Privacy has its price, however. Monthly rents, predictably, are commensurate with the amenities. Ray said they range from about $1,500 for a 950-square-foot bachelor apartment to about $3,500 for a 3,200-square-foot, fifth-floor penthouse similar to the one in which Hurwitz lives. More than 400 people are permanent residents of the club's 144 apartments, he said, but many of them maintain homes or apartments elsewhere. Consequently, several BBC apartments are vacant much of the time.
Many apartments and suites are permanently leased by Southern California corporations such as Fluor, Smith International, Smith Tool and TransCom, which use them for meetings, gatherings and overnight stays.
While the nearly four-year wait for a permanent apartment at the club might seem long, there is a wait of five to seven years for one of the club's 140 vessel slips, Ray said. Although it is the largest yacht facility in Newport Beach, members guard their watery territory jealously.
The hardest slips to come by are the largest ones, directly in front of the clubhouse. It is there that some of the most impressive private yachts in Southern California are moored, a fleet worth a collective $50 million, with some yachts carrying an estimated price tag of more than $3 million.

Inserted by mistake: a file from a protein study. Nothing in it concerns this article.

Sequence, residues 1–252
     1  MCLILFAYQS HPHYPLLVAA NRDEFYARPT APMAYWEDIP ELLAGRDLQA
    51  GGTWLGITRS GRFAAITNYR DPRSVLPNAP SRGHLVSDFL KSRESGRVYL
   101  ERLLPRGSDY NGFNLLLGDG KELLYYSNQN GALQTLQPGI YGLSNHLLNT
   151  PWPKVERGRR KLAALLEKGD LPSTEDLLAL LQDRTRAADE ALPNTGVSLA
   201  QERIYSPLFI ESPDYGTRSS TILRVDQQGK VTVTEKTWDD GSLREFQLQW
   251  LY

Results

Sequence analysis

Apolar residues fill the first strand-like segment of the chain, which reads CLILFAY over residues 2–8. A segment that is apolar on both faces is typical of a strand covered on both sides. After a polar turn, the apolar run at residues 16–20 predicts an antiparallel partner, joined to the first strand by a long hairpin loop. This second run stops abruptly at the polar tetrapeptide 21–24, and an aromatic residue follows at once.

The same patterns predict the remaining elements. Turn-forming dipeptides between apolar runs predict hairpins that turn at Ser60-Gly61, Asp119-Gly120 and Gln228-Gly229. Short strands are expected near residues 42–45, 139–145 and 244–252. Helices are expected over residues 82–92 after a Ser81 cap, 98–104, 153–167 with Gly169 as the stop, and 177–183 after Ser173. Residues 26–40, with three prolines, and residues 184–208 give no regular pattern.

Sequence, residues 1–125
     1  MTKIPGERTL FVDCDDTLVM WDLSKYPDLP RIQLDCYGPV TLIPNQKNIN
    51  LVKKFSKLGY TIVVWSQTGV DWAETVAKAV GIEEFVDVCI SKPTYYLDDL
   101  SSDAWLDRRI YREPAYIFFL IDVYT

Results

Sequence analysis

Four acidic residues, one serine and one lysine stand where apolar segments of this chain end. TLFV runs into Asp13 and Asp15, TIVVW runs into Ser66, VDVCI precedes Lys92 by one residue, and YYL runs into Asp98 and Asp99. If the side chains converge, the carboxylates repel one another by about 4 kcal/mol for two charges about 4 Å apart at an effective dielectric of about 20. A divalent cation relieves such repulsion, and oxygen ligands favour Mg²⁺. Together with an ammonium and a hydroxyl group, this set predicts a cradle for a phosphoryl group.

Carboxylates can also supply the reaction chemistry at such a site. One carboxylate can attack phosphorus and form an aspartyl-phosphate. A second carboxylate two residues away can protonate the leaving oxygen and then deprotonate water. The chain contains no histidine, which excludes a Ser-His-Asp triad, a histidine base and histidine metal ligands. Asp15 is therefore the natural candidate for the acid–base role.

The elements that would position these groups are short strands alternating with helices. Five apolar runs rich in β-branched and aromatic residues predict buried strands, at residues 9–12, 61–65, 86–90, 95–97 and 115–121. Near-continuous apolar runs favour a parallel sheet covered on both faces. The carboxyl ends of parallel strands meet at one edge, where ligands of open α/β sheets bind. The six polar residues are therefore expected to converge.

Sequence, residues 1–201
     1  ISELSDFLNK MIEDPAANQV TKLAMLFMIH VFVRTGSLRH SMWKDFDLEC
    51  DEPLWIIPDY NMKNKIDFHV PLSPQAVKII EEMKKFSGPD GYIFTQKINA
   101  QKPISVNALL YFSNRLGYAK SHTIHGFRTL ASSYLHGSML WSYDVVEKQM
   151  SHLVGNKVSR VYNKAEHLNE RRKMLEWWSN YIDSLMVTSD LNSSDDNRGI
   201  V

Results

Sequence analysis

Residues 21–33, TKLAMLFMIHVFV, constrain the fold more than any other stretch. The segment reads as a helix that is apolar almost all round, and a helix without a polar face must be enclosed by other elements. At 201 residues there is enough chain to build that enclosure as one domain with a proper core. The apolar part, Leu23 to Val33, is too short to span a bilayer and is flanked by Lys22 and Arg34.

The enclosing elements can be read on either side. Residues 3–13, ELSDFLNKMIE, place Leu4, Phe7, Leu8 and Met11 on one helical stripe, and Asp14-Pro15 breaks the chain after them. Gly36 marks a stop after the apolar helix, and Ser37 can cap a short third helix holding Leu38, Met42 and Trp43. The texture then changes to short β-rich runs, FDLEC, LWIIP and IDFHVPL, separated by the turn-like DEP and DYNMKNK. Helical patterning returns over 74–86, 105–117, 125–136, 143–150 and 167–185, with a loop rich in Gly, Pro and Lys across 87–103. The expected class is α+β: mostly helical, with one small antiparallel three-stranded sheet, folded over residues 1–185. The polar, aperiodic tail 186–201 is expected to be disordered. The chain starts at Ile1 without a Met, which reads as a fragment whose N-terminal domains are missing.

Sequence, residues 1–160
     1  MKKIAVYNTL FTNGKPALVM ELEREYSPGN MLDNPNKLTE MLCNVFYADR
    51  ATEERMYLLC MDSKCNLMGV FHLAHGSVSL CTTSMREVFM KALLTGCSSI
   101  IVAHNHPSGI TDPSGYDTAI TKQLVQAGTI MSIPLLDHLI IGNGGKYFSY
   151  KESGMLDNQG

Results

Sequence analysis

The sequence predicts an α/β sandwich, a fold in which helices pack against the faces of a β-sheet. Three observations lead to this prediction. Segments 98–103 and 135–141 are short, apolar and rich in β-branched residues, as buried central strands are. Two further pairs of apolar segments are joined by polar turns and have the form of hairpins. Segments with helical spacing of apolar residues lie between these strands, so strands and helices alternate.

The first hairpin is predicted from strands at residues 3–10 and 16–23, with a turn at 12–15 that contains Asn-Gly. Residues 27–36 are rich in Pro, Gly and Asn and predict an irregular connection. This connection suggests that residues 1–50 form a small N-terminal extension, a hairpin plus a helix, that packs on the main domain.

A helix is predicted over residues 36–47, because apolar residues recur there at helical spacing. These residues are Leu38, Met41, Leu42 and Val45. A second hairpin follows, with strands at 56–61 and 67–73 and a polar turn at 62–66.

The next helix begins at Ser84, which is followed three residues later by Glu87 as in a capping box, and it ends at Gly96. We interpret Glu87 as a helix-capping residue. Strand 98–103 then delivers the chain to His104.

There is the 83-foot, former Coast Guard cutter C'est La Vie, owned by county developer Bill Lusk. There is the 102-foot B.P. John, owned by Ben Bukewihge, president of the B.P. John furniture company. The largest yacht at the club, the B.P. John carries a piano, motorcycle, jet skis and two speedboats.
Then there is Felicidad, a 94-foot yacht owned by members Richard and Marilyn Hausman and considered the most elegant yacht at the Bay Club dock. The on-board amenities include shipboard elevators, a whirlpool bath in the master stateroom, more than 100 cubic feet of freezer space, a temperature-controlled wine cellar and indirect lighting throughout.